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Direct Selling Industry Gets A Boost On ‘Ease Of Doing Business’

New guidelines provide transparency, ease to consumers and pave road to establish a grievance redressal mechanism for consumers

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The Direct Selling Guidelines issued by the Ministry have been a huge step forward for the industry which has been reeling under the pressure of a regulatory vacuum for a long time. It has come as a major respite for companies in the sector which have been facing some problems with reference to their business models coming under the scanner. But the new regulation will boost the industry going forward.

Enlisting the achievements and initiatives taken by the Ministry of Consumer Affairs, Food & Public Distribution in last three years, Ram Vilas Paswan, Union Minister for Consumer Affairs, Food & Public Distribution reiterated in a press note that guidelines for direct selling were issued after detailed deliberations by an Inter-Ministerial Committee with the intention of facilitating `Ease of doing business’. The guidelines are in the form of an Advisory to State Governments and provide transparency, ease to consumers and establishing a grievance redressal mechanism for consumers.

Commenting on the development, Trevor Kuna, Global CEO of QNet said: “Since the Indian government has just introduced new guidelines for the direct selling industry, this is an exciting time to be here in India.” A report from the World Federation for Direct Selling Associations (WFDSA) shows that India is now part of the ‘billion dollar club’ in the direct selling industry having generated approximately $1.18 billion in revenues in 2015.

Despite multiple hurdles over the years due to lack of legislation and awareness that has caused a great deal of challenges impacting their reputation negatively, direct selling companies have stood by their commitment to distributors in India. “I believe that the true potential for direct selling in India is yet to be realised,” said Kuna commenting on the development.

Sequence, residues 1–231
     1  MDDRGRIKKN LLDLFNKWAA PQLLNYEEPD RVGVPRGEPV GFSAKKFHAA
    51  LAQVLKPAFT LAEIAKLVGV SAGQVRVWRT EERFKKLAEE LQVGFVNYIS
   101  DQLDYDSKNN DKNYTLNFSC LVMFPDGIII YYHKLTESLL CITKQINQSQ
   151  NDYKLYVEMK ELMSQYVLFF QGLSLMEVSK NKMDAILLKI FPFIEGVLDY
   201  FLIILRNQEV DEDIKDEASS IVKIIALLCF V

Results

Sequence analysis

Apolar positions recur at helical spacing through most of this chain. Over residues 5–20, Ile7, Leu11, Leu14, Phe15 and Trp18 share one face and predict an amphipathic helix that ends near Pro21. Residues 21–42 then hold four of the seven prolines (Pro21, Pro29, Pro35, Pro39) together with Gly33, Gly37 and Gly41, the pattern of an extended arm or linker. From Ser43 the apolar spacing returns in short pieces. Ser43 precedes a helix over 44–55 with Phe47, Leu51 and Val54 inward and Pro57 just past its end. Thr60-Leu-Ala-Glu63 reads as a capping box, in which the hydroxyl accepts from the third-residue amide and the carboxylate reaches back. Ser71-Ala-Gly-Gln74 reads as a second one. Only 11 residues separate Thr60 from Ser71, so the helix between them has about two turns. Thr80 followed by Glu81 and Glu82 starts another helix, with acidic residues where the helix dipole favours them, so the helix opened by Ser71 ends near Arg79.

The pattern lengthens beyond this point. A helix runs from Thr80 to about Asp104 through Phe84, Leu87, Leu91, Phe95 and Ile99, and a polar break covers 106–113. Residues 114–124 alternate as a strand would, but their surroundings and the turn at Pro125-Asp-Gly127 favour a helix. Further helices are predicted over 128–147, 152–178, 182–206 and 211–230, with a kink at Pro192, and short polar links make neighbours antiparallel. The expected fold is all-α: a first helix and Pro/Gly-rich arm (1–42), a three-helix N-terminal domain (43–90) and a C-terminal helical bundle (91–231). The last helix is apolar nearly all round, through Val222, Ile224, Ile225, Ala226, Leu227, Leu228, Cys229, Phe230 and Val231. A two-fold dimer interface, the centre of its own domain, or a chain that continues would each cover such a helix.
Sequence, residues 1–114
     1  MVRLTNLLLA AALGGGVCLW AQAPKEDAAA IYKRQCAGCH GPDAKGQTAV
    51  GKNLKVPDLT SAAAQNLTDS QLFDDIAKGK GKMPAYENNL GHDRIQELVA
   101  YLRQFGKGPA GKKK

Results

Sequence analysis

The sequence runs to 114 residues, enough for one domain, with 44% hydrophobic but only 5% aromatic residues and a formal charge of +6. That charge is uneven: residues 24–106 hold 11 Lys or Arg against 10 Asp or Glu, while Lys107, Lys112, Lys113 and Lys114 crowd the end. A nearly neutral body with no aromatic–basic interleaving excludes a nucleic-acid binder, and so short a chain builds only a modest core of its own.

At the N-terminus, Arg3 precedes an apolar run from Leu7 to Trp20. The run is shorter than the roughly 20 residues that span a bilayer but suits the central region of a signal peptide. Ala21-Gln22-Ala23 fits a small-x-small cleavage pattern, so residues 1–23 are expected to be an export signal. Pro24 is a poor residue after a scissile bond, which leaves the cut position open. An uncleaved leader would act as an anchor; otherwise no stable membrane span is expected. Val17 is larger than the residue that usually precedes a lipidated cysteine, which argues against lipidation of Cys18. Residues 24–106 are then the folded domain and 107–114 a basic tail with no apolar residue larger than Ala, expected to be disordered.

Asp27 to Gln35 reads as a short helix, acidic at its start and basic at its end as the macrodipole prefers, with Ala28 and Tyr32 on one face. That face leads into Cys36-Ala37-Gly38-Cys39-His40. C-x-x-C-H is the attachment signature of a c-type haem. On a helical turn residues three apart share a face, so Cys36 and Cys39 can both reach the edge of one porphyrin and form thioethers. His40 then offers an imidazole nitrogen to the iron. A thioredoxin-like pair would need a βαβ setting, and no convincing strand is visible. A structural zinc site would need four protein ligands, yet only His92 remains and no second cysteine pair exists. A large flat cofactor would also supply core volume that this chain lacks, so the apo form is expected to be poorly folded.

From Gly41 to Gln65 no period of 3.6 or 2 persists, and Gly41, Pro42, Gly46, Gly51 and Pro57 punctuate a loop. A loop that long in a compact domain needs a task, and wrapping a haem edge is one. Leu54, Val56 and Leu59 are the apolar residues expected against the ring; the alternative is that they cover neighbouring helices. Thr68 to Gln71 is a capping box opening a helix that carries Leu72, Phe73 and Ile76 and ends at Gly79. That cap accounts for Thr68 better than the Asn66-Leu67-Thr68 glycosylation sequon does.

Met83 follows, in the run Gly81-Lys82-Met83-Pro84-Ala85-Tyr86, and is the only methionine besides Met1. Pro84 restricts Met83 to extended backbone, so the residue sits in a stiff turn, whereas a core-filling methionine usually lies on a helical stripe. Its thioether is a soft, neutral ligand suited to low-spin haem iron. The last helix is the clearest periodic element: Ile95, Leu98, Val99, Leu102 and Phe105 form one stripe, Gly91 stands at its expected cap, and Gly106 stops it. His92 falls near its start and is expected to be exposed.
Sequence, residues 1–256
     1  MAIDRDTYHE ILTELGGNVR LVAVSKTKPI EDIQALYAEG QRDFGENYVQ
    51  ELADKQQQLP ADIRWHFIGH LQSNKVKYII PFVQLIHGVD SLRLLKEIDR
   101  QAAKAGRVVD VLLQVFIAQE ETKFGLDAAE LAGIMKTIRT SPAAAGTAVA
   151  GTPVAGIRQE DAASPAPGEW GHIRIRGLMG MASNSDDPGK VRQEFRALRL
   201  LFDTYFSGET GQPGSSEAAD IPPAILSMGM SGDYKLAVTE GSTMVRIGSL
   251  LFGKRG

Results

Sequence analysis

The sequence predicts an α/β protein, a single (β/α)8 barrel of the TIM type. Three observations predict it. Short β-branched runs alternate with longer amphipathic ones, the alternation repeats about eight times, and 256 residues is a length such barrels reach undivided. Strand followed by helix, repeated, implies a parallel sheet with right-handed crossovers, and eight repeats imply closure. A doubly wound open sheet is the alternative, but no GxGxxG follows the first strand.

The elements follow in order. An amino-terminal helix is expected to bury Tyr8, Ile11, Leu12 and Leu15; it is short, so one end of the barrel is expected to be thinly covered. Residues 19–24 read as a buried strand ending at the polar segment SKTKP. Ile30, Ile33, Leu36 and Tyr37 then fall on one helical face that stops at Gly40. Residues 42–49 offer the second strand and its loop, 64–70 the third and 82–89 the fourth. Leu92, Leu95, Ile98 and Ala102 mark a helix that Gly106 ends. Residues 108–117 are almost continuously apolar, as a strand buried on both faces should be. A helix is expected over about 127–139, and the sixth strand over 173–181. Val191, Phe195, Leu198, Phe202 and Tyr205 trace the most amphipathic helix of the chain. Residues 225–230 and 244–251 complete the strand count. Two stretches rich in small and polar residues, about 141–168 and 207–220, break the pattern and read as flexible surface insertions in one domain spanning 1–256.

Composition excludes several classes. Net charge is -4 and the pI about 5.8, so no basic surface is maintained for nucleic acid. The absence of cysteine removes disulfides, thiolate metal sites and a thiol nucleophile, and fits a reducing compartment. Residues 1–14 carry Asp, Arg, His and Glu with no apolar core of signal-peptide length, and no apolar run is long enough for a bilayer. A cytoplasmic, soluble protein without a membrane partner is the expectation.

Thanks to the new Direct Selling Guidelines, the overall business environment will improve, making it viable for direct selling companies and direct sellers to do fair business, and in the long run, ambiguity surrounding this industry will finally be clarified.

According to Kuna, QNet is aligned with the “Make in India” initiative and supports several SMEs in India who develop exclusive products for them. Around 70 per cent of QNet’s product portfolio comprises products made in India. “Our product development team is already working on sourcing and introducing at least 8-10 new products the next financial year,” said Kuna.

The biggest challenge the industry has faced in the last 10-15 years in India is a lack of regulatory framework, which has led to a lot of confusion, and comparisons to pyramid schemes. The guidelines are a big step forward for the direct selling industry in India. India is among the largest direct selling markets in the world.

When any industry is regulated its potential for growth is immense. These guidelines will help weed out fraudulent players, allow serious companies to grow, and ensure the protection of consumers. Both Singapore and Malaysia have specific and strict direct selling and MLM legislation. QNet, for instance, is fully compliant in these heavily regulated countries.

The need of the hour is to formulate clear-cut laws to govern the direct selling industry in India which has been generating large scale self-employment and contributing to the exchequer. The draft guidelines are a good first step, but there is a long way to go before India can compare with these international laws.

“There is still no protection for genuine direct selling companies from the application of the Prize Chits and Money Circulation (banning) Act or other investment related acts. Media reports continue to refer to direct sellers as investors, which is misleading and incorrect,” says Kuna.

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